"Poor communication and continuity of care"

About: Watford General Hospital

(as a relative),

My wife was referred directly to the Acute Admissions Unit (AAU) on a Friday after seeing the out of hours GP about consistent headaches and that is where the nightmare of Watford General Hospital started.

The doctor said that ideally they would like to do an MRI scan, however as it was the weekend, they couldn't do it. My wife was obviously too selfish to be ill during the week. Over the course of the whole next day (Saturday) all they managed to get done was a CT Scan which took about 15 minutes. My wife was then just lying in bed for the remainder of the day with no communication - it felt like they had forgotten her. They did say that a Lumbar Puncture would be done, however this didn't happen until Sunday afternoon.

Before the LP took place, the doctor explained the immediate risks of the procedure, but nothing about afterwards. He asked if she would mind if a junior doctor did the procedure. My wife trying to be helpful and not understanding the possible terrible after effects if not done properly, agreed to this. The junior doctor struggled with the procedure and appeared to be fumbling, the senior doctor had to take over, only then was it revealed that it was the junior doctor's first attempt! After the procedure my wife was instructed to lay flat for 2-4 hours to avoid a post lumbar puncture headache (PLPH). When she queried if she could get this headache at home, the doctor said "nothing that can't be treated with Paracetemol" - a PLPH is completely immobilising, a headache like no other.

My wife was discharged Sunday evening and only got as far as the car park before feeling unwell. Over the course of the night and into Monday she developed the headache and was confined to laying flat on her back on the sofa (whilst trying to look after our 2-year old while I was at work). She was re-admitted that evening. It was decided that a blood patch procedure would be done to stem the spinal fluid leak. However, this wasn't done until Tuesday afternoon. Following the procedure, she was placed on an old ward where out of the six patients there, three were very disruptive, not what is needed after you have been through what is quite a major procedure.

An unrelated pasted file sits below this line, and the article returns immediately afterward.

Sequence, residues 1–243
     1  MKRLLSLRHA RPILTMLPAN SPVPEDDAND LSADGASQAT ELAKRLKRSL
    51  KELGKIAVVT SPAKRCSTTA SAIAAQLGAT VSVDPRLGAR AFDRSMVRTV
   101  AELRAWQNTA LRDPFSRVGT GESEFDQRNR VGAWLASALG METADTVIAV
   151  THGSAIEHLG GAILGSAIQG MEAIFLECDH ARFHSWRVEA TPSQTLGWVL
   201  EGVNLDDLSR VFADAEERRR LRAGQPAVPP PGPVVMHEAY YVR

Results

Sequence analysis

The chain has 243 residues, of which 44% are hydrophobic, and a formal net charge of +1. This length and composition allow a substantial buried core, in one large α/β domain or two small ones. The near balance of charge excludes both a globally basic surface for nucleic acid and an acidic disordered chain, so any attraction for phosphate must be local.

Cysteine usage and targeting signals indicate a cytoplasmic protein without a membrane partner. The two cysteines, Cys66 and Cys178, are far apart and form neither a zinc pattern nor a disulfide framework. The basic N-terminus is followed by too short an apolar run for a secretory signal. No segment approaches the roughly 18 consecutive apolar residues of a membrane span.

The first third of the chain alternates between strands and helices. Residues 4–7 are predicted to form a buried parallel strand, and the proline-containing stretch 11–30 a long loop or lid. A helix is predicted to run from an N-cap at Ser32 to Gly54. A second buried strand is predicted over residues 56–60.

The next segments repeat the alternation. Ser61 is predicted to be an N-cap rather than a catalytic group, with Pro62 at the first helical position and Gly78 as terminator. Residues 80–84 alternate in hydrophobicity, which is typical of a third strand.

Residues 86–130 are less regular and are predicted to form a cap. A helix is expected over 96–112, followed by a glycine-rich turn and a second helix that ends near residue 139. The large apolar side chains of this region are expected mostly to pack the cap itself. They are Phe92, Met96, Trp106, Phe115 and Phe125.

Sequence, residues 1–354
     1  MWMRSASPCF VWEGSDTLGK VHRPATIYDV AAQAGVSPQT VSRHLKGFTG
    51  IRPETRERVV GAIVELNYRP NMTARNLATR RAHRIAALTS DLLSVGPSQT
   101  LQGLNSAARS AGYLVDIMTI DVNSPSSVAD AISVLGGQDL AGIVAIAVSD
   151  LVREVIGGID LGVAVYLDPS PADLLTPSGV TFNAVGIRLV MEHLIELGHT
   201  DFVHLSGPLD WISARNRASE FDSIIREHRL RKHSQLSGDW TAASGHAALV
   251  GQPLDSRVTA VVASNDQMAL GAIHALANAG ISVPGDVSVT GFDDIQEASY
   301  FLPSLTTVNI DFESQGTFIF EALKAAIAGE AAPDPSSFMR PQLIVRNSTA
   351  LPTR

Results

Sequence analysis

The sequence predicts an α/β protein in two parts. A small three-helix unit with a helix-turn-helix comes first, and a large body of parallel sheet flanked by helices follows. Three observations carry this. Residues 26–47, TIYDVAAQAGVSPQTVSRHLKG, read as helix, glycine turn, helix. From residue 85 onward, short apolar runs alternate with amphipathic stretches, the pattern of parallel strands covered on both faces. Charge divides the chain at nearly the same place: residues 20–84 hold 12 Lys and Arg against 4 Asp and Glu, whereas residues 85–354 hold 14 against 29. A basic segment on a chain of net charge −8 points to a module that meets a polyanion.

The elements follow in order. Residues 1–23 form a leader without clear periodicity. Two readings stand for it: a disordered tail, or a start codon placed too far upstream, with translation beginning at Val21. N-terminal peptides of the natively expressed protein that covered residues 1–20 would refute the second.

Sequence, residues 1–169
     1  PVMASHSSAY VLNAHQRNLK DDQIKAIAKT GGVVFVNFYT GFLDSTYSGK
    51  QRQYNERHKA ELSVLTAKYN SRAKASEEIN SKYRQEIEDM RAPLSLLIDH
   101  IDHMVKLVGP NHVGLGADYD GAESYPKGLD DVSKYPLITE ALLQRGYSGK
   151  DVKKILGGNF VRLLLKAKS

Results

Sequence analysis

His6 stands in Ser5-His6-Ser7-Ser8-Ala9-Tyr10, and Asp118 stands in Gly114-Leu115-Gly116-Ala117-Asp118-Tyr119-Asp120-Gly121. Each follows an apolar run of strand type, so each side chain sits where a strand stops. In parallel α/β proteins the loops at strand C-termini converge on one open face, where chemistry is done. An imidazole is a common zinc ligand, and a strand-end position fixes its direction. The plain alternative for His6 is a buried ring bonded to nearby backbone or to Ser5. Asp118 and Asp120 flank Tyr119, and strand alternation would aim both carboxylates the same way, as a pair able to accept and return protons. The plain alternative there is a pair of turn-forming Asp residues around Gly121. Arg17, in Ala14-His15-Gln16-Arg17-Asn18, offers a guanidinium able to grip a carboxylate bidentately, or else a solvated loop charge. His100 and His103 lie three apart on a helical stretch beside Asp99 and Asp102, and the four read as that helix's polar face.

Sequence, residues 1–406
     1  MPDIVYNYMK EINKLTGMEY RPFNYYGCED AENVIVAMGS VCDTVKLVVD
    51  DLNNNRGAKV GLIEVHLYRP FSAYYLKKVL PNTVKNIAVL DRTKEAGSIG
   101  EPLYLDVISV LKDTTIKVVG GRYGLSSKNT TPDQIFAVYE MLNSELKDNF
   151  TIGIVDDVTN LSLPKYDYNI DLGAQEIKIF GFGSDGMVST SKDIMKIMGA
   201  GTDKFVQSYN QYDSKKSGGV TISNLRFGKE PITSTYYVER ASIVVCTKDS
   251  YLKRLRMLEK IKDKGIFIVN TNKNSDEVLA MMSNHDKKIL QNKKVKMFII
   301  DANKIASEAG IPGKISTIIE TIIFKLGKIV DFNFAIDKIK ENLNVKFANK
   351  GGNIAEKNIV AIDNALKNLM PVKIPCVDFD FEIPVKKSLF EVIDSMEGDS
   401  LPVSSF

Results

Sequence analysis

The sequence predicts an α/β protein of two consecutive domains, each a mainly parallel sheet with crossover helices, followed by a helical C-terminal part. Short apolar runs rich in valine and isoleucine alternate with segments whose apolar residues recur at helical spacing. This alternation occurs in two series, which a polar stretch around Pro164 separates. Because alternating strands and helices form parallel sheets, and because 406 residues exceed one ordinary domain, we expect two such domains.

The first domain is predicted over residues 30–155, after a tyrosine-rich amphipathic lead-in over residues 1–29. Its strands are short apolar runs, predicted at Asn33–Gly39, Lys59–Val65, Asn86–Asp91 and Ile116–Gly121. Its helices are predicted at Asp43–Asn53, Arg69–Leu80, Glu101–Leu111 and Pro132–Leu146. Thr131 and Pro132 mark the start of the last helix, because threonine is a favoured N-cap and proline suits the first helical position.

My wife was discharged on Wednesday afternoon feeling better. However, this gradually worsened as Thursday progressed. By Friday lunchtime, we were heading back to the hospital. Prior to going in, we tried to contact the AAU to avoid having to wait in A&E, however they were very unhelpful and we did have to go through A&E. After waiting for a hour or so in absolute agony, I had to find a nurse and request that my wife waited laid down on a bed. My wife was admitted to AAU as expected. The doctor who saw her that evening obviously didn't bother to read any notes as they was asking questions that my wife had already answered during the previous two visits.

The following morning, a consultant who finally showed some understanding that it had gone on too long, vowed to get it sorted and described what actions he would take, beginning with IV fluid. This was around 10am, however it then took 4. 5 hours for a nurse to come and spend the 15-20 minutes required to set it up. My wife in the intervening period was literally just lying in her bed doing nothing! At about 9: 30pm it was decided the she would be moved again on to the ward where she had previously had the unbearable experience with the disruptive patients. We do not know (and it has not been explained to her) if she will still have the same consultant who finally showed some compassion and understanding of her condition.

Over the course of the three visits so far, my view of Watford General Hospital is extremely poor! Waiting periods between anything happening in our experience has literally hours and hours; communication with my wife during these long periods has been very poor; communication between different members of staff treating my wife appeared non-existent as the same questions were asked every time a new person treated her and when I asked a nurse when the blood patch procedure would be done, she didn't have a clue who my wife was and what she was in for. Apart from the most recent consultant, the doctors and nurses didn't seem to appreciate the extent to which my wife was suffering. The ward my wife stayed on was dated and depressing. Many of the nurses didn't seem so know anything about my wife's situation and finally the car parking charges to visit my wife are extortionate!

As a result of the LP and due to the doctor not explaining the potential severity of a PLPH to my wife (which would have prevented her agreeing to it) two further visits back to the hospital were required. As well as the physical and emotional distress, this has hit us in the pocket to the tune of around £300 so far, this is because my wife has lost two days of work and also we have had to pay hospital parking charges etc.

All in all, a downright awful experience which is still not over.

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